Nebraska antiabortion groups and GOP lawmakers were stunned. In late April, their effort to ban most abortions was tanked by an unlikely person: 80-year-old Sen. Merv Riepe, a longtime Republican.
Instead, on Friday, Nebraska’s conservative legislature voted to ban abortions at 12 weeks of pregnancy — a threshold that significantly narrows the window for legal abortions but still allows the vast majority to occur.
A few days earlier, North Carolina Republicans used their legislative supermajority to enact a similar 12-week ban, calling it a “mainstream” approach that would be more broadly accepted than the stricter bans many conservatives had sought to pass. And in neighboring South Carolina, state Sen. Katrina Shealy (R) told The Washington Post that she and the other female GOP senators who blocked a near-total ban are planning to push for a 12-week ban on most abortions when the state Senate takes up a bill next week restricting abortion after roughly six weeks of pregnancy.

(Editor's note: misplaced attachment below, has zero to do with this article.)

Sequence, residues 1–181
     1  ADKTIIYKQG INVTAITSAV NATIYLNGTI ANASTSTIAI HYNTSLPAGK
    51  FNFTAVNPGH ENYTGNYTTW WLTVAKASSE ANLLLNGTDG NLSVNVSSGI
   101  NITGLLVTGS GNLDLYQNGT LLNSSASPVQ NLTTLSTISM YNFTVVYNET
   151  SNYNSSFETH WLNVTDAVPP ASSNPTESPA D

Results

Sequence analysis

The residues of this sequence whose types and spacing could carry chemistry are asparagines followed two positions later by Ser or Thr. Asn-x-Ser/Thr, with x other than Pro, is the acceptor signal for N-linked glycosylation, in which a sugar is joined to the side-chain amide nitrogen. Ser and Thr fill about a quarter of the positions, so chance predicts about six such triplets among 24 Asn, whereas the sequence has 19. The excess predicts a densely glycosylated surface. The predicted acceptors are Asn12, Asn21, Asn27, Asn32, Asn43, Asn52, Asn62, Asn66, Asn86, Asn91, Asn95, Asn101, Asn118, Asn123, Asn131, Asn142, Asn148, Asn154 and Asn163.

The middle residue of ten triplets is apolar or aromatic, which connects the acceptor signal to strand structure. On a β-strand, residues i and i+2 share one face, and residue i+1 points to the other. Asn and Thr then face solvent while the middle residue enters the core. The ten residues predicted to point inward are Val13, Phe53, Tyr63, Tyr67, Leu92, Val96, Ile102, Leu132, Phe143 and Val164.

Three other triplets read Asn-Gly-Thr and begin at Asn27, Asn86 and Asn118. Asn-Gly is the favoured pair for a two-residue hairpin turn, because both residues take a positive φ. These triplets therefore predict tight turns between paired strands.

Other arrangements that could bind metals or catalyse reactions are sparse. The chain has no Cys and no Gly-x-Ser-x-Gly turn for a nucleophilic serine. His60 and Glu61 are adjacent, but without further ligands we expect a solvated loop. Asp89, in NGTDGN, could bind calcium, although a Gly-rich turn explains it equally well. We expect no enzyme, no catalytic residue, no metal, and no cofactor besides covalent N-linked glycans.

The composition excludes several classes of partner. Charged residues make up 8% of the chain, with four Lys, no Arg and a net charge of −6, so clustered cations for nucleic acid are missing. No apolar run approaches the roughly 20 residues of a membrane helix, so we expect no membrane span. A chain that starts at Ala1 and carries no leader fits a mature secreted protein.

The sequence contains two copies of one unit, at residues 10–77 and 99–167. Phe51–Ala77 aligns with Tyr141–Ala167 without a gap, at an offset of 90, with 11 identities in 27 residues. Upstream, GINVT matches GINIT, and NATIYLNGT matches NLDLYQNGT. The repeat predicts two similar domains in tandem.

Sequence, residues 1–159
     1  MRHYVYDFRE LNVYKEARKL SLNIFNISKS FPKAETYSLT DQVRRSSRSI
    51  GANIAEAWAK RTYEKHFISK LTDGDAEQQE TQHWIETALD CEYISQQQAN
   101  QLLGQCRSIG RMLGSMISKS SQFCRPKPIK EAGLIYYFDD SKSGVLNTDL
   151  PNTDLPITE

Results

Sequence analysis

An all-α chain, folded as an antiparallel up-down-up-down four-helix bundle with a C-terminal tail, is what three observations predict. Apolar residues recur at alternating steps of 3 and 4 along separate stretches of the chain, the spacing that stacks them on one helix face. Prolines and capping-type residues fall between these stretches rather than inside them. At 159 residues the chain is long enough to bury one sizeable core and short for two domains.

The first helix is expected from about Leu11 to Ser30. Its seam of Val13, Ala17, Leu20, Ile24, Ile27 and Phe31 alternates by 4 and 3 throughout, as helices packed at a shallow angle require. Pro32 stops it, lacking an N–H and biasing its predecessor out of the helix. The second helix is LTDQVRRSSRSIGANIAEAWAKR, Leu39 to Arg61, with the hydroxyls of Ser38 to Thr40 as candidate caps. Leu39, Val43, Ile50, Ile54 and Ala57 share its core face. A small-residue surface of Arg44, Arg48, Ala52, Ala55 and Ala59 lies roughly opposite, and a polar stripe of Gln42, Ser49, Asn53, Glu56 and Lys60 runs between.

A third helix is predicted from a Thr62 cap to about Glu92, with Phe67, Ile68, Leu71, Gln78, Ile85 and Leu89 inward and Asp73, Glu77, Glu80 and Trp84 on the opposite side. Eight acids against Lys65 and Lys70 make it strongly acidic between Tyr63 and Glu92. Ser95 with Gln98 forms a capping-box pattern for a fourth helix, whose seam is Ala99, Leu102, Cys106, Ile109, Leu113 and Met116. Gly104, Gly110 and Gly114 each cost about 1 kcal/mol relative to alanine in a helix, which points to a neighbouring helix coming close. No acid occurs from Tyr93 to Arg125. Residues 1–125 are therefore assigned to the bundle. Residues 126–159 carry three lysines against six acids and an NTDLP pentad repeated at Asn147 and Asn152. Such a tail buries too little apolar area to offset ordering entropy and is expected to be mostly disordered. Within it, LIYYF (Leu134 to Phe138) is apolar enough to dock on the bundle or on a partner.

“We can’t live at the extremes,” North Carolina Sen. Amy Galey (R) said in an interview. “As a country, we can find a way to take a difficult issue and resolve it without a huge amount of acrimony and viciousness.”
Immediately after the Supreme Court overturned Roe v. Wade, Republican lawmakers were quick to embrace so-called “trigger” bans designed to take effect as soon as the decision was released, while others rushed to pass additional restrictions that would halt the procedure in their states, sometimes backing proposals that did not include exceptions for rape or incest.